Neither Smith nor Sutton returned calls requesting comment.

Marana Town Manager Mike Hein said the town was conducting an investigation of the latest incident.

When asked why the Oct. 17 shootings prompted the town to take action, despite other shootings, assaults and deaths at the club, Hein said he would not be able to discuss specifics.

"There will be an investigation. There are potentially peculiar attributes to this particular situation that we will be reviewing. After the investigation, we'll have more ability to comment," Hein said.

Hochuli also declined comment, but confirmed aspects of the shooting differed from past incidents, and has led the town to take action.

Derfus said the nightclub usually notifies MPD when it is having concerts and other large events so the department can increase staffing, but failed to do so for the Too $hort concert.

"We only had one squad on duty to respond. The first officer at the scene was faced with 20 people fighting and basically had to go from proactive to defensive real quick and get himself out of there," Derfus said.

An MPD squad normally consists of five officers, Derfus said.

A police report indicated that the first responding officer, Sgt. Mark Bailer, was left alone in the melee when "New West security backed back into the building."

Piccarreta said he took issue with the accusation that club security threw the fight outside and then sealed itself inside.

"There's a little difference of perspective there. There is a little disappointment by the club on the law enforcement response, too. But I don't want to get in to finger pointing until the investigation is completed," Piccarreta said.

Hochuli said he was researching what actions the town could take to control the New West/Gotham or shut it down.

"Governments have the right, and have an obligation, to shut down a business that poses a danger to its citizens. But business owners also have rights that protect them from unlawful takings of their private property. It's a fine line," Hochuli said.

One of the conditions of last year's settlement between the state and the nightclub on the liquor law violations required the New West/Gotham to "employ POST certified police officers, with approval of the law enforcement agency, on high volume evening venues to maintain security."

POST is an acronym for Police Officers Standards and Training, a state agency that licenses all Arizona's police and corrections officers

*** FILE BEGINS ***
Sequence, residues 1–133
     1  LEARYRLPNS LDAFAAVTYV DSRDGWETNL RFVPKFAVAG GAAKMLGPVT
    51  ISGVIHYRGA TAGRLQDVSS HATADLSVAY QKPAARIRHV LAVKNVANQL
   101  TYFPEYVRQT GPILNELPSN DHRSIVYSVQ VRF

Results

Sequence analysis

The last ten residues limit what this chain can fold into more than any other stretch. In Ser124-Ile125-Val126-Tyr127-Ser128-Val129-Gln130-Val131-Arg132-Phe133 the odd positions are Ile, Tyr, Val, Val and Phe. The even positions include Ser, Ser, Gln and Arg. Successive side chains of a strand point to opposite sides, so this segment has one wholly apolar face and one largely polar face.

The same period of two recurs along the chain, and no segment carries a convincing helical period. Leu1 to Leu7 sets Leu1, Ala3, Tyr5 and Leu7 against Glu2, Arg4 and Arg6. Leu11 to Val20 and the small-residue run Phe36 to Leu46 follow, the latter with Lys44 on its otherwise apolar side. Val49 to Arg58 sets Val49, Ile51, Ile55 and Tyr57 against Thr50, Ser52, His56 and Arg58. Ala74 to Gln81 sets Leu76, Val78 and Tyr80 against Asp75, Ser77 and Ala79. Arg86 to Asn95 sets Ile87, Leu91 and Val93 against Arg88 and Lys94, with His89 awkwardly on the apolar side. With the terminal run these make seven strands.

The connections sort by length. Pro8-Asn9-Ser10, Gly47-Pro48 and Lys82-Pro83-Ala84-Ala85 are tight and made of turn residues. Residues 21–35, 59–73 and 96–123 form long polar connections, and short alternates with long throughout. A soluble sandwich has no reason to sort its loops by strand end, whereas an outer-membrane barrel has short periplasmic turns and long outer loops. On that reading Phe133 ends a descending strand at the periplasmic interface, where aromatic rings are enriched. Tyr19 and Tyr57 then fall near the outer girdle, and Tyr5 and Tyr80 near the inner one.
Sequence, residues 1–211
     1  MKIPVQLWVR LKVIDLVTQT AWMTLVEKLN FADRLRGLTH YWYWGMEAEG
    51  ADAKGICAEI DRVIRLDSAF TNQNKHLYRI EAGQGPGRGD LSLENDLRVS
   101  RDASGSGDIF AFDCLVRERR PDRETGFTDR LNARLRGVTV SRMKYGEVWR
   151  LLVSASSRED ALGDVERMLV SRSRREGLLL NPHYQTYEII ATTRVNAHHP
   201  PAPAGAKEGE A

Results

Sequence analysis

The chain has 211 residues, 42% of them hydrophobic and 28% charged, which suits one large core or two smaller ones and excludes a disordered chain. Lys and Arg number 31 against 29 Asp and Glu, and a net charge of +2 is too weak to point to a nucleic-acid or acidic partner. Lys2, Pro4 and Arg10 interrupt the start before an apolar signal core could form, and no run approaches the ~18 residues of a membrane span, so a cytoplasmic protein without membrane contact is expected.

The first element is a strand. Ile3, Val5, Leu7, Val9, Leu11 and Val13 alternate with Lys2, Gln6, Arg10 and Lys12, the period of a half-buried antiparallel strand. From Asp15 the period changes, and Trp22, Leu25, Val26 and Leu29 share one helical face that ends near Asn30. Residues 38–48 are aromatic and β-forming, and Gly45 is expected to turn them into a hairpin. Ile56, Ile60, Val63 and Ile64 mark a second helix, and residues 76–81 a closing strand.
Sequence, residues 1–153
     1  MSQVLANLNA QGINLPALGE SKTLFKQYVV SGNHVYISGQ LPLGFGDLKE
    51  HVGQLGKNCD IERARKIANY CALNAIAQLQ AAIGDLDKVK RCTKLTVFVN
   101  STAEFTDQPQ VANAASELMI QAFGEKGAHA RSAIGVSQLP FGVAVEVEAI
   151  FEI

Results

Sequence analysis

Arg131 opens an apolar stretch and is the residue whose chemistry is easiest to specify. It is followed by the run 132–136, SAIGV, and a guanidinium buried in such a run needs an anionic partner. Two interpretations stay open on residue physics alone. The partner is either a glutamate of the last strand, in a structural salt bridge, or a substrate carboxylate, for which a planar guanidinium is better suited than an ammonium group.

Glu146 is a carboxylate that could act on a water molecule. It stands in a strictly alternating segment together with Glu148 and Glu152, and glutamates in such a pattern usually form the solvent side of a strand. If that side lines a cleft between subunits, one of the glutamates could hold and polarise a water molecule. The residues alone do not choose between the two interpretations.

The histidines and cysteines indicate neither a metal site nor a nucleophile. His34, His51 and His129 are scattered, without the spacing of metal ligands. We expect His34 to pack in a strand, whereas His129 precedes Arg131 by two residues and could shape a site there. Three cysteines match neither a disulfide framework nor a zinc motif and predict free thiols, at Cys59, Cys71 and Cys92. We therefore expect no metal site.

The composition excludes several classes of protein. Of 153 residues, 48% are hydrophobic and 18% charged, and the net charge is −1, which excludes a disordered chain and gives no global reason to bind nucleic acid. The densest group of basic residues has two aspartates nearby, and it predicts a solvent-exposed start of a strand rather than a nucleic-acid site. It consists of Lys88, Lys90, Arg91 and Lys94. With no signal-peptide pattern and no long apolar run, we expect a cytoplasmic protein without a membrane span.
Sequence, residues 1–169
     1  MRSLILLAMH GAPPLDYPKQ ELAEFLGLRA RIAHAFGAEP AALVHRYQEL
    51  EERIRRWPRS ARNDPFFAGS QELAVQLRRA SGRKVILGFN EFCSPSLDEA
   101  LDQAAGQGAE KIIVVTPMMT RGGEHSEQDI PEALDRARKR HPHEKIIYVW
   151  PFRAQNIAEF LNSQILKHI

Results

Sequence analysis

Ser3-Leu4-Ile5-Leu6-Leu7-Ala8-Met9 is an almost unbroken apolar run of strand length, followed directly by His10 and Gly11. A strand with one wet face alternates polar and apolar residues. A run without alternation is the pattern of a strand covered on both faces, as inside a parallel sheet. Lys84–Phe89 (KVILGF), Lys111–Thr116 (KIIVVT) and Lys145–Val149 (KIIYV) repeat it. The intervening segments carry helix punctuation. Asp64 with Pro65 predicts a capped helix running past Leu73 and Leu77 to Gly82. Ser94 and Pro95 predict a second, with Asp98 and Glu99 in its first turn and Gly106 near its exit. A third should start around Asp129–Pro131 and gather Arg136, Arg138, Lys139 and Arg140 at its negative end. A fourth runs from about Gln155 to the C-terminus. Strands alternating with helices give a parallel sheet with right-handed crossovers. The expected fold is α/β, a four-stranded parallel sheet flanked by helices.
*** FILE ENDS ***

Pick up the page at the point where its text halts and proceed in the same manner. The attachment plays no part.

A Northwest EXPLORER reporter, following up on terms of the agreement, walked the exterior areas of three concerts and events in the last year, including a sold-out concert by country and western musician Willie Nelson, and could not find any officers on site.

Lt. Jesus Altamirano, an investigator with the state's liquor control agency, said in an interview two weeks ago that it was up to Marana Police to inform the state if New West/Gotham was not in compliance with the agreement.

"I'm incredulous," said Hein. "If that's the case why didn't the state inform us of that or maybe fax us a copy of the agreement?" Hein said.

Piccarreta said the club was in compliance with the consent decree struck with the state.

"We did have a POST certified officer on the premises," Piccarreta said, but added he did not know what agency the officer was from or if there was more than one. "You don't have to be an active duty police officer to be POST certified."


by Patrick Cavanaugh

A Marana police officer arrested for burglary by the Tucson Police Department returned to work Oct. 21 after serving a 10-day unpaid suspension.

The Pima County Attorney's Office declined to file charges against Officer Frank Moreno, who was arrested Oct. 7 on one count of third degree burglary.

Rick Unklesbay, the chief criminal prosecutor for the county attorney's office, said there was "a lack of intent" on Moreno's part, and the charge was dismissed last week.

Moreno, 31, was found by TPD officers sitting shirtless and shoeless in a car on Tucson's Eastside.

The woman who owned the car had called police shortly before 11 p.m. after seeing someone believed to be Moreno looking over her backyard wall.

Officers who detained Moreno indicated he may have been intoxicated, according to a Tucson police report.

While being questioned by police, Moreno allegedly reached into the woman's car and grabbed a cell phone sitting on the passenger seat and tried to make a call.

Police arrested Moreno because the phone belonged to the resident.

"It's not like he escaped without any discipline," said Marana Police Spokesman Bill Derfus "He did serve the 10 day suspension without pay."

Marana Police Chief David Smith levied the suspension after an internal investigation of Moreno's actions showed he violated department policy, Derfus said.

A review of Moreno's personnel file and MPD internal investigations indicated the suspension was the first disciplinary action Moreno had received since he began working for MPD in 1997.